Pressure correlations are good example of diversity between different studies and approaches. In our tool, four different pressure correlations return different results in the bottom hole, respectively [5], Beggs-Brill 1620 psi, Orkiszewski 1580 psi, Aziz-Govier-Fogarasi 1616 psi, and Duns-Ross 1507 psi.

2.2. Temperature

From the simulation point of view, temperature is a parameter of pressure, but from the engineering point it is one of the most important factors regarding the production description and understanding. In the calculation, the efficient correlation is the iteration based on the previous values [6] where is a correction factor combined with hydrocarbon expansion from high pressure to low pressure during the temperature change, known as a Joule-Thomson effect. Heat transfer occurs between the wellbore fluid and the formation, overcoming resistances offered by the tubing wall, tubing-casing annulus, casing wall, and cement [19].

The mixture heat capacity calculated depends on how many phases are considered. ConsiderHeat capacity of each phase is a function of temperature and density usually estimated from the experimental data. Gambill correlations are valid, respectively, for oil and gas as it is shown [20]:

2.3. Inflow

The derivation of Darcy’s law is used in inflow calculation to determine the flow through the permeable geological layer. This equation is valid for liquid phase inflow at the perforation points, but bubble point pressure has not been taken under the consideration [5]: Drainage radius may be multiplied by some coefficients, depends on reservoir shape. Skin factor is estimated based on well test analysis. A positive value indicates there is a pressure decline in the near vicinity of well that is more than expected based on the radial flow equation but does not necessarily indicate formation damage [21]. Considering gas inflow, Darcy equation is adjusted in terms of gas properties: Inflow equations do not account for the phase change in solution gas reservoirs. In a solution gas drive, there is expansion of the hydrocarbons below bubble point, which is beneficial because it adds energy to the system. Gas liberation in a solution gas drive is also detrimental to oil production because it lowers the effective permeability of oil [22].

3. The Framework

The framework represents an idea of how to organize the modelling part to get the complete information about the whole physics during the production process. Solving every correlation and calculation needs to be organized properly. Every correlation is a function of data taken from producer or calculated by other correlations. There are few approaches involved, which usually meet in commercial solution and they are protected by copyrights against publicity. The authors would like to present optimised approach for production simulations, divided in stages.

3.1. Initialization

Considering the well length and number of physical data during the production, it is very important to establish the simulation points (meshing) in a project. All correlations should run in these points, so the number of data for one loop of simulation is significant. Transient analysis is highly recommended as well, especially during the gas lift or water injection procedures. Correlations use different unit systems and they create difficulties in the framework as well. There is no standardization to keep the modelling results. Flow area in the tubing affects the algorithms, so three options are available: tubing flow, annular flow, and tubing and annular flow. In some cases more than one tubing in a single well provides the production. There are wells where the tubing is split into two independent items from any depth. Sometimes only one casing string without any tubing is involved. It is highly desirable to have the temperature or pressure data from gauges across the well especially at the wellhead and bottom hole. Then, every meshing point is calculated upon this data. Finally, the complexity of modelling properties is relatively high in this kind of the framework.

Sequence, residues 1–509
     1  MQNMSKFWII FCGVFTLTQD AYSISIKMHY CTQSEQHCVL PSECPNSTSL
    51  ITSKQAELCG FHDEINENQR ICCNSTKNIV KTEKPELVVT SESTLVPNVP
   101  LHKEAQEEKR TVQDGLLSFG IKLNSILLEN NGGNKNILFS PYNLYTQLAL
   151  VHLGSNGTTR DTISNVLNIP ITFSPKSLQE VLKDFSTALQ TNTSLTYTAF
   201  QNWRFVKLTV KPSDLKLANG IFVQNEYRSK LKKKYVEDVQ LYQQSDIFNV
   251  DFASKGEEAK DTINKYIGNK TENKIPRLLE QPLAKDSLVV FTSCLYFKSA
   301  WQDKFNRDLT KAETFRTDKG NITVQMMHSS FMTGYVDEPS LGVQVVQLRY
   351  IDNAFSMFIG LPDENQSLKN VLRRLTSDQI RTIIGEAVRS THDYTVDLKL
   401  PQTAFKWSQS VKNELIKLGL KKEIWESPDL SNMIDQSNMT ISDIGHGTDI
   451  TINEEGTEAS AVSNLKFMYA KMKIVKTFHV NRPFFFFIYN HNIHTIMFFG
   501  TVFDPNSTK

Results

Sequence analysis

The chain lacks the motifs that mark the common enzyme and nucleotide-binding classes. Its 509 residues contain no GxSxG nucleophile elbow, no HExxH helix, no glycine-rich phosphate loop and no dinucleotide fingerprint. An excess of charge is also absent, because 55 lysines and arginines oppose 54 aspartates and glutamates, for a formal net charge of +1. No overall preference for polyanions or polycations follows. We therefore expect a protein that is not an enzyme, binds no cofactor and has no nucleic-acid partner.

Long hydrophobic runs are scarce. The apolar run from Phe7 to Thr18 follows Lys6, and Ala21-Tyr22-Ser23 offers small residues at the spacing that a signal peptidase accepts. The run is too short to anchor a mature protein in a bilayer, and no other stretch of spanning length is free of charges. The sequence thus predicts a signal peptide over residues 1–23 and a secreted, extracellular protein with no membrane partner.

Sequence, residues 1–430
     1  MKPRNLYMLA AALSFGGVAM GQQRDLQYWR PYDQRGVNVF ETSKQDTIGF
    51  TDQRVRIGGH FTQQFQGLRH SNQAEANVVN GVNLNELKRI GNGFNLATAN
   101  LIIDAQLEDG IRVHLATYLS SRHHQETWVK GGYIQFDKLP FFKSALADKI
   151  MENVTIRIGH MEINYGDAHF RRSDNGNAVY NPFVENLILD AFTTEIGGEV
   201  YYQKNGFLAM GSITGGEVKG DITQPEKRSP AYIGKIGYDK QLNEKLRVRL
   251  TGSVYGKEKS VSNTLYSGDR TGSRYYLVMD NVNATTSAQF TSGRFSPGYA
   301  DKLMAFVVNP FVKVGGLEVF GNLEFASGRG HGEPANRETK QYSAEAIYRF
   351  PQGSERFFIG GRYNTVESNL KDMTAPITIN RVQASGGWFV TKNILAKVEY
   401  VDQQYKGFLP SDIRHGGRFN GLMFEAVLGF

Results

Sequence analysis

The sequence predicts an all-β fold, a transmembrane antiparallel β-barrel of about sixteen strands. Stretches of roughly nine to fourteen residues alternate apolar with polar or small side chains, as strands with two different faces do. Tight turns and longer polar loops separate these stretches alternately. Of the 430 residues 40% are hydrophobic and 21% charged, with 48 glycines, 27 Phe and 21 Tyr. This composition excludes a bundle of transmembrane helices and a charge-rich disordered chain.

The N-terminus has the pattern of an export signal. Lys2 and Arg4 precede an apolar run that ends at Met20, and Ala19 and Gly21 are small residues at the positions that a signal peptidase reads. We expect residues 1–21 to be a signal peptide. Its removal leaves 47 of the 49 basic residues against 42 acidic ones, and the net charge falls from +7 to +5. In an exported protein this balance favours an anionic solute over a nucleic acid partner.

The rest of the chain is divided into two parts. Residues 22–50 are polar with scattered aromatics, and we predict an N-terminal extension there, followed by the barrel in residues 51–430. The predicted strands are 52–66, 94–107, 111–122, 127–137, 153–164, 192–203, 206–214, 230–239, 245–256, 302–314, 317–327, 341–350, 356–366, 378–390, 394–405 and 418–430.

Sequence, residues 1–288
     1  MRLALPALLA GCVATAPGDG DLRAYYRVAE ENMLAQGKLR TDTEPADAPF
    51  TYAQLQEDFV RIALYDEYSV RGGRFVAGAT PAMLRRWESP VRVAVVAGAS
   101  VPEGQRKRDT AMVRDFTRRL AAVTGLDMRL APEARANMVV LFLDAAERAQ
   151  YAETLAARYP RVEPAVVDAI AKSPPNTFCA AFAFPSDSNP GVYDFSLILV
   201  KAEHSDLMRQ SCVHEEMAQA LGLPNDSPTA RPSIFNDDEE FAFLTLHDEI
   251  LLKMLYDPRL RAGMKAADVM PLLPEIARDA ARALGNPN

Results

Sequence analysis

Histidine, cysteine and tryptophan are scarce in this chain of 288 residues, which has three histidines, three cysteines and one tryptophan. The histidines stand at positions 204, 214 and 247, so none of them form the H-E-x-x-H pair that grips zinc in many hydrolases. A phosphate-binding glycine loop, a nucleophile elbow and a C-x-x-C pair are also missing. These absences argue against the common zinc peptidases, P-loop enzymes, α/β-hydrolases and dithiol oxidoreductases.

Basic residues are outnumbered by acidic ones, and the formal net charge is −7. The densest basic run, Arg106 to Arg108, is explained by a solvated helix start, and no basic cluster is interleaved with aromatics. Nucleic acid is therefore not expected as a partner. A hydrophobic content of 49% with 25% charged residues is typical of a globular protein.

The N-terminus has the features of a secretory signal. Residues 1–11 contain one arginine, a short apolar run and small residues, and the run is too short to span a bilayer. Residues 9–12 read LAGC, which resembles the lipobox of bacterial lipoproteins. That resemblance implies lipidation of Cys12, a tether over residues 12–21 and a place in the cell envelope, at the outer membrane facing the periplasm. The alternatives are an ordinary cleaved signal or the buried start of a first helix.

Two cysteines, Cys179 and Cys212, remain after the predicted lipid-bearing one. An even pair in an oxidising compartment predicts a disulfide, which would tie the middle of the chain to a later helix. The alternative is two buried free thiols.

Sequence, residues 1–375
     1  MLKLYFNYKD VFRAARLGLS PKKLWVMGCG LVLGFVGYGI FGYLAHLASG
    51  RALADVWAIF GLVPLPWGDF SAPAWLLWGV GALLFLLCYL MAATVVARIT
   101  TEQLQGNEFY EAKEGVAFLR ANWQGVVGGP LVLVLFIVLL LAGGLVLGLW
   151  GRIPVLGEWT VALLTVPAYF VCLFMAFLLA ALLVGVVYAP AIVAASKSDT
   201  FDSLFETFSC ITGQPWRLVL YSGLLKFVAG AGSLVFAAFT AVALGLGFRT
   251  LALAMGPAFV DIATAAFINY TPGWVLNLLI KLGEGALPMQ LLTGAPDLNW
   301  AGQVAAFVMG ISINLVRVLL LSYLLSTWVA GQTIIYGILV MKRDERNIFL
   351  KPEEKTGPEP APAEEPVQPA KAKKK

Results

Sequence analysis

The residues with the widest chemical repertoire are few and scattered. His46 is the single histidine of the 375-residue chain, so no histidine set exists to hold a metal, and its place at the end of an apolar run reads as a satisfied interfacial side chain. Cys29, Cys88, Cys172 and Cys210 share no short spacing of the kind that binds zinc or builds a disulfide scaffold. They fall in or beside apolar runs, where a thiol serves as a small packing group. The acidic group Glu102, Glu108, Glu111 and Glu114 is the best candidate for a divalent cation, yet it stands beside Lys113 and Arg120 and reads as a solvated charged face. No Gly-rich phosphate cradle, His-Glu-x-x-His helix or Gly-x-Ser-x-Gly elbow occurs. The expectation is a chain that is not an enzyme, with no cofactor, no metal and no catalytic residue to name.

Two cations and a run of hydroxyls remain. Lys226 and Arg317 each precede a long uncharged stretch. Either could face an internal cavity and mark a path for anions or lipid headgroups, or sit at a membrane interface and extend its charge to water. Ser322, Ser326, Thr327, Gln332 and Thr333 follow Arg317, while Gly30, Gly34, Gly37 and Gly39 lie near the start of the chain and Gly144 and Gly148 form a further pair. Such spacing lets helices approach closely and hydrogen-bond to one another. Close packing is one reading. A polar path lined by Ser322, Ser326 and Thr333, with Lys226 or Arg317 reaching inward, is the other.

The producer supports the data which has been called as initial information (II). They are divided between sections as follows. Highly unlikely, all of them are given very precisely (for every depth), but from the simulation point of view the more the data is given, the better the results are obtained. Here, they are presented as follows:(i)trajectory: this set usually has four values: true vertical depth (TVD), measured depth (MD), inclination (Incl), and azimuth (Az); this is the well geometry description;(ii)geothermal temperature (): this is a trajectory function; some frameworks may be based on geothermal temperature especially in a very first part of calculation; finally, knowing this value is highly recommended in terms of the comparison with the real data; in many cases, the full understanding of geothermal temperature explains the well behaviour;(iii)completion items: in the reality, any additional item changes the physical data at this particular depth; in particular, it is valid for packers and running: electric submersible pumps, gas lift valves, inflow control devices, sand screens, and so forth;(iv)completion data: there are conductivity (Conn), roughness (), inner diameter (ID), outer diameter (OD), number of casing strings, and cement properties; outer diameter, conductivity, and cement properties are important regarding the heat transfer and once the flow is observed in the annulus;(v)mixture properties: it may contain gas/oil ratio (GOR) in surface condition information which affects the amount of gas out of the solution; alternatively, some calculations use gas/water rate (GWR); it also includes API gravity in surface condition as a measure of how heavy or light a petroleum liquid is compared to water and gas specified gravity (SG) in surface condition, which is the ratio of the density of a substance to the density of air and water density (WD);(vi)layer data as depth (LD), permeability (), pressure (LP), and reservoir extend (RE) are values usually given as constant for every layer; layer permeability and pressure have the crucial impact on the production results;(vii)real data: the subjects involved in industry have the real data which can be used as a reference in the modelling process; it may contain wellhead temperature (WHT), bottom hole temperature (BHT), wellhead pressure (WHP), wellhead temperature (WHT), separator temperature (ST), separator pressure (SP), production time (), and dorm pressure in the annulus (DormP);(viii)other information: it is very flexible and cannot be specified to the regular mandatory set; it may contain many factors which has the important impact on the simulation results, that is, gamma ray data and surrounding well information; it is almost impossible to predict this information in the simulation model and usually this data is considered during the modelling interpretation.